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‘borough Bias’ Is Harming Queens Biz: Pub. Advocate

Report Finds More Fines Issued Here

Pointing to statistics showing businesses in other boroughs-especially Queens-are inspected and receive more fines than ones in Manhattan, the city’s public advocate declared there is a mandatedborough-bias” last Monday, Feb. 26 during a press conference in Richmond Hill.

Vishnu R. Mahadeo of the Richmond Hill Economic Development Council (at podium) joined Public Advocate Bill de Blasio (at left) at a press conference last Monday, Feb. 25, condemning what the de Blasio called a “borough bias” allegedly demonstrated by city enforcement agencies against small business owners in Queens and the other outer boroughs of New York City. Also participating in the press conference were Assemblyman Michael Simanowitz (fourth from right), Dorie Figliola (third from right), representing Assemblyman Mike Miller, and various Richmond Hill business owners.

Bill de Blasio released a report last week titled “Borough Bias: How the Bloomberg Administration Drains Outer Borough Businesses,” which claimed fine revenue from the Department of Consumer Affairs (DCA) and Department of Health (DOH) on Queens businesses has risen by more than $50 million between fiscal years 2002 and 2012. The public advocate, after mentioning target revenue numbers that the city aims for, said Mayor Michael Bloomberg orders the department officisal to issue the penalities.

“When I look at this neighborhood,” said de Blasio, while pointing to stores along Jamaica Avenue, “I see wonderful stores where families make their livelihood, but Mayor Bloomberg only sees a place to get more revenue. When he sees all these stores, he sees dollar signs, but not dollar signs for the owners of these stores-dollar signs for the city coffer.”

Requests for comment from both departments were redirected toward the mayor’s office. Bloomberg was reported as dismissing de Blasio’s findings, pointing to population differences between the five boroughs.

“Manhattan’s population is 1.5 million out of 8.4 million, so that shouldn’t be a surprise that there are more places to inspect,” he said, according to published media reports.

De Blasio’s report found that Queens businesses are inspected 16 percent more often than Manhattan’s, and receive 22 percent more fines from Department of Consumer Affairs.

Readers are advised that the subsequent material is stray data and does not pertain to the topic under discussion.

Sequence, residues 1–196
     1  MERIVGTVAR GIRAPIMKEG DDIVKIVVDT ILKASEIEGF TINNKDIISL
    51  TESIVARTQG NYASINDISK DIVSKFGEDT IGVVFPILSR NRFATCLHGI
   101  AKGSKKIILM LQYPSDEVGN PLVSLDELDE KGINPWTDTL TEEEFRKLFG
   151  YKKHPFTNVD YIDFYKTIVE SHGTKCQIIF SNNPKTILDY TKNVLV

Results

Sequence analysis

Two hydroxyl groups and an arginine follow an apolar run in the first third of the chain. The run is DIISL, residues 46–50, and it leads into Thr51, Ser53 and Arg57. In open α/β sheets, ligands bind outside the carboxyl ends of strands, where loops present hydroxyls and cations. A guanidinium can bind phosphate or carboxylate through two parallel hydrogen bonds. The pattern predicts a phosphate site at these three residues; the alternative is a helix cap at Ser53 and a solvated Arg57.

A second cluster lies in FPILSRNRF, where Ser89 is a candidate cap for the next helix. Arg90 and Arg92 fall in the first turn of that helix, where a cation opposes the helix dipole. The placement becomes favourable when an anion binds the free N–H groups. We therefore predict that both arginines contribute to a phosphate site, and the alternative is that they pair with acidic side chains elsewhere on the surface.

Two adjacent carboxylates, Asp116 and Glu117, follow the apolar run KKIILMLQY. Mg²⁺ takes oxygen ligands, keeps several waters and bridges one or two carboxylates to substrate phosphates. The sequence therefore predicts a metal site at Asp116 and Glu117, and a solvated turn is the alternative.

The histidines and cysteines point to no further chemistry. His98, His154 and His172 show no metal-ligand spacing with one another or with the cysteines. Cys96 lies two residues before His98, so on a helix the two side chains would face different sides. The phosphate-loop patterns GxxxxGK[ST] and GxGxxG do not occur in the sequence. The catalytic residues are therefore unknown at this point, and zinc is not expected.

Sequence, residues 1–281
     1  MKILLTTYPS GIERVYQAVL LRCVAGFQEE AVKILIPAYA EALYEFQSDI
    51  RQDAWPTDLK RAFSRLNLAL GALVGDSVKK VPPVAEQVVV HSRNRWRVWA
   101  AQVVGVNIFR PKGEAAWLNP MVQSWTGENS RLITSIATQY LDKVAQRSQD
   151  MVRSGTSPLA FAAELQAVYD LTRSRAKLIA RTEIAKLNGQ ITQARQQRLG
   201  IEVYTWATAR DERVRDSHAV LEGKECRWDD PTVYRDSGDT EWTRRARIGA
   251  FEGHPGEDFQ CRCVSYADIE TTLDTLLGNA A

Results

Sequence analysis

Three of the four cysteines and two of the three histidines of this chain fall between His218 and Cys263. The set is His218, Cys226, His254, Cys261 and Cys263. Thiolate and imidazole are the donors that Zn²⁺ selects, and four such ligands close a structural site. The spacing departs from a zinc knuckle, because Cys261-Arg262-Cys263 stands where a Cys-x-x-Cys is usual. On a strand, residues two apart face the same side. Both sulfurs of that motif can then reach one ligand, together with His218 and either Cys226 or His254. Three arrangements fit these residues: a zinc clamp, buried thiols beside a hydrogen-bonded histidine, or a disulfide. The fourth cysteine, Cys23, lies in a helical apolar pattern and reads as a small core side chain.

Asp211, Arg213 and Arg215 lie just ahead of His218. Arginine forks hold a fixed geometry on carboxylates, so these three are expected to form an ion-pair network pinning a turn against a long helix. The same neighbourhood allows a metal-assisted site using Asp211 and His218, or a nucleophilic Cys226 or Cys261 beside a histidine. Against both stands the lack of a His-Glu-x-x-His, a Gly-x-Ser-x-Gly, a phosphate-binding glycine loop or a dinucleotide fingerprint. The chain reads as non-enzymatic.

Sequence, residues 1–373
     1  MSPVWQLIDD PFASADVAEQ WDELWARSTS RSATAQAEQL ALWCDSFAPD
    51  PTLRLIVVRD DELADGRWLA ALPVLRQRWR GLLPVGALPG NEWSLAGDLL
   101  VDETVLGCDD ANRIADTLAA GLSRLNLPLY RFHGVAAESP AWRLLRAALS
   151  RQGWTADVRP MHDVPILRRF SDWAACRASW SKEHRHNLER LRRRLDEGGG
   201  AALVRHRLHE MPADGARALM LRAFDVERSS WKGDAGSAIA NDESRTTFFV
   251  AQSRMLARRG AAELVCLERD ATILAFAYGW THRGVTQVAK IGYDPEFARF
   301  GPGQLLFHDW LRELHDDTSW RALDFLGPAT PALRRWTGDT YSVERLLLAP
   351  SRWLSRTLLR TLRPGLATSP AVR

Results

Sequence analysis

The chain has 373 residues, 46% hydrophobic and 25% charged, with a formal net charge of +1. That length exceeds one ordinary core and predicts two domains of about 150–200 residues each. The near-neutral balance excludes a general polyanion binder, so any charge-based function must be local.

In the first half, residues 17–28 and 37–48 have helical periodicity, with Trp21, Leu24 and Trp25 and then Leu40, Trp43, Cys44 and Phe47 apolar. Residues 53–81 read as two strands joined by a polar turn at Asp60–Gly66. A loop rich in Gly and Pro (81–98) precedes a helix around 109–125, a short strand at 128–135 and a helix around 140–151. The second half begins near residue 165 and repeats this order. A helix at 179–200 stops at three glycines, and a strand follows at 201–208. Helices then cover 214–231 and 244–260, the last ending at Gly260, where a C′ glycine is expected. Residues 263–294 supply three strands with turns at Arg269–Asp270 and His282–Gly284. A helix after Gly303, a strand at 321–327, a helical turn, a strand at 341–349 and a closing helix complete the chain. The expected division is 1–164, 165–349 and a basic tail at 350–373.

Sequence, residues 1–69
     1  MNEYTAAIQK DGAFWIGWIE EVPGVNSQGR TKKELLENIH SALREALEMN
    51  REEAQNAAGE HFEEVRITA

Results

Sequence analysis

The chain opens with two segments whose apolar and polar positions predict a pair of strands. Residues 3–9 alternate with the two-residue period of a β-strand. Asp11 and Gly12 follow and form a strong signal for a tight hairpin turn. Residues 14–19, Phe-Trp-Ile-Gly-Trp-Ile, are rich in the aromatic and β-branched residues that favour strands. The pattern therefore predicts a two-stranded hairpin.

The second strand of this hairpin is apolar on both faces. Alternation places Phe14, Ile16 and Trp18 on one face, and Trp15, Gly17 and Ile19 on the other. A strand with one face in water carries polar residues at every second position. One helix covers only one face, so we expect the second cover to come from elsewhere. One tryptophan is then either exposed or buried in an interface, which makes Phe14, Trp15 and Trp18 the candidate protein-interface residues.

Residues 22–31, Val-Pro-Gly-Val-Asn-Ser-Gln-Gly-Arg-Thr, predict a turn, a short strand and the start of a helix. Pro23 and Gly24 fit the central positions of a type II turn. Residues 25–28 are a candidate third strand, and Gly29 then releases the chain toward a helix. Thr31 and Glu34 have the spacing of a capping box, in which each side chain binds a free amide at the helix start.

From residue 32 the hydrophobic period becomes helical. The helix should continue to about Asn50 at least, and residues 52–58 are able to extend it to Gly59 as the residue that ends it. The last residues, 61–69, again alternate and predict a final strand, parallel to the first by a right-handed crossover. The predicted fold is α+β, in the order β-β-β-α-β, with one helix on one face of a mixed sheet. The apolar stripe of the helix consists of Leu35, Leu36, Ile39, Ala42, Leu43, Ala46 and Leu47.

De Blasio said the businesses in Queens have been treated like the city’s ATM. Of the 10 neighborhoods issued the highest number of Health Department violations, seven are in Queens, according to the report.

Richmond Hill, where de Blasio delivered his address, was one of the hardest hit areas in the city, fined three times the city average, he said. Because many of these business owners work long hours, and more than the traditional five days, going to court and fighting fines is out of the realm of possibility.

Andy Jarbandhn, a business owner on Liberty Avenue, said he’s been fined over issues he had never been informed of.

“It seems we’re being led down a dark alley where we have no idea what the rules are,” he said.

Paul Capocasale, who said he had 30 years under his belt as businessman in the area, said many of the fines can be attributed to the lack of organization and information that many immigrants in Queens are work under.

“They’re first-generation with the least resistance,” he said.

In the past, according to de Blasio, the mayor has told him if he didn’t have the fines, then taxes would have to be raised.

“But this was a hidden tax,” the public advocate said.

“It was a systematic decision,” he added. “It’s a budget mandate. In the last five city budgets, in theses agencies you see projected amount of money from fines projected higher every year by a lot. Whether it’s a quota system or something else, it’s clearly an order to the inspectors to bring back more revenue.”

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